We should have let Silicon Valley Bank fail and let these tech bros feel the pain

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Customers wait in line outside a branch of Silicon Valley Bank on March 13 in Wellesley, Mass.Brian Snyder/Reuters

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Gus Carlson is a US-based columnist.

In an increasingly consequences-free culture, where poor planning, shoddy decision-making and bad behavior go unchecked and unreported, it should surprise no one that the US government backstopped a Silicon Valley bank like a frantic helicopter parent. stepped in and agreed to cover deposits in excess of this. Federal Deposit Insurance Corporation US$250,000 limit.


While the politically expedient intervention may have appeared angelic in calming nerves and allaying early concerns about SVB being the canary in the coal mine in 2008, it changed the banking game – and not necessarily it better be

With the subsequent failure of Signature Bank, which relied heavily on cryptocurrency deposits, and First Republic Bank hinging on a similar tech-dependent delinquency to SVB, the bending of FDIC guidelines is generating even more heat and begging questions. Been: Where will the government draw the line on its mandated leniency that rewards bad business?

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As the SVB infection spread, many influential voices in the banking community weighed in to call for a jail-free quasi-bailout of a bank with questionable management competence, not to mention a questionable business model that relied almost entirely on risky Was. Tech startups were the wrong thing to do and set a dangerous new precedent that’s asking for more trouble. They are correct.

The move by the US government runs contrary to the capitalist mantra that only the strong and the wise survive, fails to punish bad management and poor financial discipline, and creates a moral hazard by stating that when risk management fails, So it’s okay to look the other way. Institutional Depositors.

The best thing to do would have been to let SVB’s institutional depositors feel the pain, then use the fallout to send a strong and clear message to the industry: Bad things happen to those who play fast and loose with risk.

Instead, the tendency now will be to take away risk discipline, knowing that if things go sideways, Big Brother will step in to bail you out.

Among the most forceful critics of the rescue is bastion hedge fund guru Ken Griffin, who told the Financial Times that the capitalist economy “is crumbling before our eyes. The government’s blanket bailout of depositors has led to a loss of financial discipline.”

A similar sense of risk has emerged with the Signature Bank failure, although the target problem is slightly different.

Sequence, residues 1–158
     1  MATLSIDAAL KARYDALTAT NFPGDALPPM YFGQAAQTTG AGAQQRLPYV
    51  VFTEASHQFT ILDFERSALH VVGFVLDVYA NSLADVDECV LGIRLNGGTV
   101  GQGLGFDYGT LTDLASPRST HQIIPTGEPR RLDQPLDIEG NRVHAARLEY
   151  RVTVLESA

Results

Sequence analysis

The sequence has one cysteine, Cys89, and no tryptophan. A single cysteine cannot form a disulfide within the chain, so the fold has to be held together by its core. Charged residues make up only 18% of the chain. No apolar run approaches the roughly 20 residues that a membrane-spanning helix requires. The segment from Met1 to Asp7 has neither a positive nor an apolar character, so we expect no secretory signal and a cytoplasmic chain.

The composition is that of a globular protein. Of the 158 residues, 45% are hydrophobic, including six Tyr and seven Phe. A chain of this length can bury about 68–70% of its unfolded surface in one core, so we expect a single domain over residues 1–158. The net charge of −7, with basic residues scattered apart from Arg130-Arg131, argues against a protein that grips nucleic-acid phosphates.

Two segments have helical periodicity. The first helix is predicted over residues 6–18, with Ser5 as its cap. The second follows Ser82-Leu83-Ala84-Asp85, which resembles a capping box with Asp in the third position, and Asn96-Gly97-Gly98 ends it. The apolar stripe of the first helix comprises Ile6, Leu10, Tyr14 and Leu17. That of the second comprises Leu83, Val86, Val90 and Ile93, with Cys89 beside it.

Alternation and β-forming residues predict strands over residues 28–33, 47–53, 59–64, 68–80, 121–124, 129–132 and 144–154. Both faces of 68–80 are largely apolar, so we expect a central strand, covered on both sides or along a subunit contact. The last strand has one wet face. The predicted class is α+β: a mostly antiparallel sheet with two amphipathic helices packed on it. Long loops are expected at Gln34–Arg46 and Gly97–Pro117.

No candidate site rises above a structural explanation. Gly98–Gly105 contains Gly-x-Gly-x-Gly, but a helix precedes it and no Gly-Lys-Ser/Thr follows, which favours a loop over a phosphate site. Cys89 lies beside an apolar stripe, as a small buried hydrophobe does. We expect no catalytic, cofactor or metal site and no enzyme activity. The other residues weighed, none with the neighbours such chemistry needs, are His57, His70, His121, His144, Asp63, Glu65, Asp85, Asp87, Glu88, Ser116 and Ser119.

Economist Nouriel Roubini tweeted that protecting depositors in Signature is the “mother” of all moral hazards, because of its multibillion-dollar deposits in cryptocurrencies, which he calls a “purely speculative asset bubble”. ,

There’s an interesting nuance here that puts a sharp point on concerns about SVB in particular.

SVB’s deposit mix was heavily weighted towards corporate customers. This means that the expansion of the safety net beyond the US$250,000 federally insured cap has captured a higher percentage than corporate deposits captured at other banks. Some say, it sends a very dangerous signal.

“Giving relief to uninsured depositors in SVBs, who are mostly corporate, makes markets more infantile by sending the message that this kind of risk management is anachronistic,” said Carson Black, founder of Muddy Waters Capital.

As usual with any business issue these days, there is a partisan subplot here. This shows that SVB’s Achilles heel was the heavy focus of the management on a conscious agenda rather than on the difficult business of running the bank responsibly. As a result, backstopping the institution in its time of need was entirely in line with the progressive agenda of the Biden administration, even if it ran counter to the dynamism and sensibility of a free market.

Political show? Perhaps. The government would like everyone to believe that the system will absorb its generosity. But lets not kid ourselves. The pain of bank levies imposed to pay for the rescue will be passed on to regular bank customers in the form of higher fees, in a “there’s no such thing as a free lunch” tradition, no matter what the Biden administration spins. Tries to apply to the story.

We should have let Silicon Valley Bank fail and let these tech bros feel the pain

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